The two groups executed an agreement to further transfer Full Tilt Poker’s assets to the French group. This comes roughly one month after GBT successfully struck a deal with the DOJ to purchase forfeited FTP assets.
According to that deal GBT will take on responsibility for repaying non-US players while the DOJ will facilitate the repayment of players within its borders. GBT paid a reported $80 million, taking on the estimated $150 million non-US player liability.
This latest agreement was passed by a two-thirds majority vote by Full Tilt owners, according to Subject: Poker, and is thought to be an early, and relatively straightforward, step in what will be a long and very convoluted process.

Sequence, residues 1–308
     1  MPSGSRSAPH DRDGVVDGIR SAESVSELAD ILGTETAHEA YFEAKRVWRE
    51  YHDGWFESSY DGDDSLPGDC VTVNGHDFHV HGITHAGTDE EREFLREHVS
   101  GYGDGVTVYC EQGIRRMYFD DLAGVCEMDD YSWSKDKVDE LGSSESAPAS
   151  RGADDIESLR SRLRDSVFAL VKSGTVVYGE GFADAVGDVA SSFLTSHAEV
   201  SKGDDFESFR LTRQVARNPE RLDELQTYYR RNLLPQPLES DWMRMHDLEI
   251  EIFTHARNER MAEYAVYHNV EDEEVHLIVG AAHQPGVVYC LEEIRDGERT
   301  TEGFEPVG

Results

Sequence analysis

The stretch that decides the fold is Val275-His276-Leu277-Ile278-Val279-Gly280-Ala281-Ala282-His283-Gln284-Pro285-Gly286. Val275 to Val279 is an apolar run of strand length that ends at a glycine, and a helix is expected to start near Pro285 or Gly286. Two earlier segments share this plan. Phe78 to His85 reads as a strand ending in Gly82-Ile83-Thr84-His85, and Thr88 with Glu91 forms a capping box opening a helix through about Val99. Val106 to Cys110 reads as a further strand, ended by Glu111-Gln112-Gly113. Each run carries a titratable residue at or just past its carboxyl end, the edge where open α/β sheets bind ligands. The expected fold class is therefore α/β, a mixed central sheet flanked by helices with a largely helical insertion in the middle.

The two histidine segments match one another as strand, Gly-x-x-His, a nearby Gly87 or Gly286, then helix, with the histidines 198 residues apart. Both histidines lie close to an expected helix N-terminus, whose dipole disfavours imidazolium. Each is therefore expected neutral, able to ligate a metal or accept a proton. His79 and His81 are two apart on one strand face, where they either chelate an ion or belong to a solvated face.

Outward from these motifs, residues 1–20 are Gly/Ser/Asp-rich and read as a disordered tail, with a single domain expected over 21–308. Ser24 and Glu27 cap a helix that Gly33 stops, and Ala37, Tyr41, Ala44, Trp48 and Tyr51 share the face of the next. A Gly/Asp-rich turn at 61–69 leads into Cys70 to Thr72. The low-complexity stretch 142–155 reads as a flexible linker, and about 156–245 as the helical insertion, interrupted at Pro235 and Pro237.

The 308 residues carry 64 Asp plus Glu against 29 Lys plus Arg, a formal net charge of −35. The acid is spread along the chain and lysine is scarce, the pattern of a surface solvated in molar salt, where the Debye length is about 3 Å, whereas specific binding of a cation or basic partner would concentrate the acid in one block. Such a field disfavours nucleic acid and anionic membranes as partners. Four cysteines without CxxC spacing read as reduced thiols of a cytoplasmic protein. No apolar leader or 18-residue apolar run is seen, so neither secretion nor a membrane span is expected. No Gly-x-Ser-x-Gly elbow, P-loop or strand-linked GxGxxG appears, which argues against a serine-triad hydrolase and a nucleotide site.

Subject: Poker also reported that Laurent Tapie personally appeared in Dublin to speak to Full Tilt Poker employees.
The real forfeiture of FTP funds is expected to follow this agreement, as well as the dismissal of the civil charges against the companies that make up Full Tilt Poker that is essential to getting the poker room back online.
And while this agreement marks an important step towards the DOJ dropping charges against FTP as a company, it will not effect the civil and criminal charges against the individuals involved in the mismanagement of Full Tilt Poker.
For ongoing updates on Full Tilt Poker and everything that’s happening in the wake of Black Friday, keep an eye on our Black Friday Bulletin Board.